2020 Target for Ending Epidemic Looks Like Long Shot

2020 Target for Ending Epidemic Looks Like Long Shot

While the de Blasio administration is celebrating a record low number of new HIV diagnoses in New York City in 2018, the city is faced with the daunting task of producing a substantial reduction in new HIV infections over the next two years to get to its goal of 600 new HIV infections a year by 2020.

“New HIV diagnoses are DOWN to record lows in New York City!” the mayor’s press office wrote in a November 22 tweet. “This is fantastic news, but there’s more work to be done.”

The city health department’s annual HIV surveillance report for 2018 disclosed that there were 1,917 new HIV diagnoses in New York City in 2018. That is an 11 percent decrease in reported new HIV diagnoses over 2017 and the first time that such diagnoses fell below 2,000.

Mayor Bill de Blasio and Governor Andrew Cuomo endorsed the Plan to End AIDS in 2014. That ambitious proposal seeks to reduce the number of new HIV infections to 750 a year statewide in 2020. With most new HIV infections occurring in the city, the city health department proposed to reduce new HIV infections to 600 in the city in 2020. While the plan’s progress is measured with a number of metrics — and a good number of those are showing success — ending the epidemic requires a large reduction in new HIV infections.

New diagnoses result from infections that occurred in the year they are reported and those from any earlier year not previously diagnosed. New infections that occur in a year are always estimated.

The 2018 report estimated that there were 1,600 new HIV infections in the city last year. Getting to 600 new HIV infections in 2020 would require the city to reduce new HIV infections by 63 percent in just two years. Going back to 2015, the city has seen year-over-year reductions in new HIV infections ranging from a high of 17 percent to a low of 12 percent, indicating that a reduction of more than half in a two-year period is unlikely.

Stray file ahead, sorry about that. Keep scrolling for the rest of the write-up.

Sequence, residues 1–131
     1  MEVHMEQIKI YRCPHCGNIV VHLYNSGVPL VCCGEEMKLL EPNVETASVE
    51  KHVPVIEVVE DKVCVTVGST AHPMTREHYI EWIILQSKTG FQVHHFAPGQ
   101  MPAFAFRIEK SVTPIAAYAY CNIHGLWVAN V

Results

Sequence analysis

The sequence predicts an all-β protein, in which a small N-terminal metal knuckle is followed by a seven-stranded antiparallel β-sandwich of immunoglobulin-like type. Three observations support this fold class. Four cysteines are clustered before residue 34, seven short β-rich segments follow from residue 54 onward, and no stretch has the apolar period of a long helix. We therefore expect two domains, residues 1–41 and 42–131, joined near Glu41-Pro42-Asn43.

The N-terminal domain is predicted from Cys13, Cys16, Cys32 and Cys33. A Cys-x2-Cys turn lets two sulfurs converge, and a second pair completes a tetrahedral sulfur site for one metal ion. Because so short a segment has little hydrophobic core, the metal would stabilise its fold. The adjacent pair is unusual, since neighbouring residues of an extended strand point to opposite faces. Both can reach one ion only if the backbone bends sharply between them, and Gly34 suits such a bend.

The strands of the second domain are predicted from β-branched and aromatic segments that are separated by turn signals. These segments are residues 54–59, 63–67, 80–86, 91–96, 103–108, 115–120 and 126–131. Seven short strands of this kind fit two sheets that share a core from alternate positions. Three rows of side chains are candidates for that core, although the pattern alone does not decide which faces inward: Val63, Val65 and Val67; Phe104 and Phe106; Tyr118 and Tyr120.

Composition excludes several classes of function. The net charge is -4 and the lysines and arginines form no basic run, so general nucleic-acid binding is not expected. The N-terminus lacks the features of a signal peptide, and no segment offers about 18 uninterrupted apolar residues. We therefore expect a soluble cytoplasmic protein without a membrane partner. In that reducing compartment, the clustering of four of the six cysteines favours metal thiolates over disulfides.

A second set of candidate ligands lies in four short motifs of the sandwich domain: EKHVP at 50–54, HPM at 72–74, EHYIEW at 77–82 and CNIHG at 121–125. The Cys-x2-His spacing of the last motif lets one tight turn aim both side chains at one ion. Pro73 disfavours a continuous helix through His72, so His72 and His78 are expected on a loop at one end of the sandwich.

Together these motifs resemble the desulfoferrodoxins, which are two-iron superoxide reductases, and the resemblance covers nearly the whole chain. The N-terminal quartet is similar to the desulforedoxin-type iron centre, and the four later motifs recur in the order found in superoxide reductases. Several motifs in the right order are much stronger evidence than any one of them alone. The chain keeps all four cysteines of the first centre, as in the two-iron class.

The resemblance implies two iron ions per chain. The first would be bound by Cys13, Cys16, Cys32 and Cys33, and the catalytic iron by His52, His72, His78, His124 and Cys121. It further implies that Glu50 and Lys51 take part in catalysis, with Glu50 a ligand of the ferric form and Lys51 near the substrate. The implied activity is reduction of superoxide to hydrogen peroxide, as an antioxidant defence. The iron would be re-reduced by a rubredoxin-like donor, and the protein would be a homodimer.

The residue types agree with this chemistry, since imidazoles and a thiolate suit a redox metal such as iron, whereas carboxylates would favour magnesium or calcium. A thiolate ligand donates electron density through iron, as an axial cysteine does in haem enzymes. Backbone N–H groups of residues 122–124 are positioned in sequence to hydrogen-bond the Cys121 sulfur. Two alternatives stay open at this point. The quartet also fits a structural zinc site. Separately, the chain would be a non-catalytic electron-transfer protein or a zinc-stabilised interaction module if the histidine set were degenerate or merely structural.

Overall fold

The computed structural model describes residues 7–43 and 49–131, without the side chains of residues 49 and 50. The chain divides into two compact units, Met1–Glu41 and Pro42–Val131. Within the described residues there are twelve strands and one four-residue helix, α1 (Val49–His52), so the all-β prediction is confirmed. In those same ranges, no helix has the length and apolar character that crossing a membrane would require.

In October, the Cuomo administration released data that touted a decline in new HIV diagnoses in 2018. A story in The New York Times read, “State health officials say they believe they are on track to lower the number of new HIV diagnoses to a little more than 1,500 per year by 2020,” which suggested that the state had changed its goal. In an October interview, however, Johanne Morne, the director of the state AIDS Institute, a unit of the state health department, told Gay City News that getting to 750 new HIV infections in 2020 remains a goal.

The city report illustrates a continuing struggle — reducing new HIV infections among African-American and Latino men who have sex with men. Among the 1,917 new HIV diagnoses in 2018, 1,484, or 77 percent, were among men. Among men, 1,191, or 80 percent, of the new HIV diagnoses were among African-American and Latino men. Sixty-seven percent of the new diagnoses in men, or 997, were attributable to men who have sex with men. Another 375, or 25 percent, had an unknown transmission risk.

The city has been successful in reducing new HIV infections in every other risk category or demographic, including among white gay men, to the point that the city will not get to 600 new HIV infections in 2020 if it does not significantly reduce infections among African-American and Latino gay and bisexual men.

In the press statement that accompanied the report, Dr. Oxiris Barbot, the city’s health commissioner, recognized that.

“We take a data-driven, sex-positive approach to HIV prevention that is firmly grounded in equity and we are proving that it works,” Barbot said in that November 22 statement. “New York City can end the epidemic if we continue to fight against the stigma, bias, and discrimination that continue to be significant drivers of HIV, particularly among Black and Latino men who have sex with men.”

The Plan to End AIDS calls for treatment for people who are HIV-positive so they remain healthy and cannot infect others. The plan also supplies nutrition, housing, and other services that make staying on HIV medications easier. For prevention among people who are HIV-negative, the plan offers pre-exposure prophylaxis (PrEP) and post-exposure prophylaxis (PEP), among other services. PrEP and PEP are anti-HIV drugs used to keep people uninfected. Both drug regimens are highly effective when used correctly.

While the data on PrEP use is limited, it suggests that obstacles remain among African-American and Latinx men and women to PrEP uptake. Some advocates fault the efforts to deliver PrEP to communities of color.

“To an extent not seen before, HIV has become a disease of poverty disproportionately affecting communities of color,” Ritchie Torres, an out gay member of the City Council who represents part of the Bronx, told Gay City News. “The Bronx alone is home to 24 percent of New Yorkers living with HIV. The focus of public policy should be on breaking down the barriers to accessing PrEP that continue to plague communities of color.”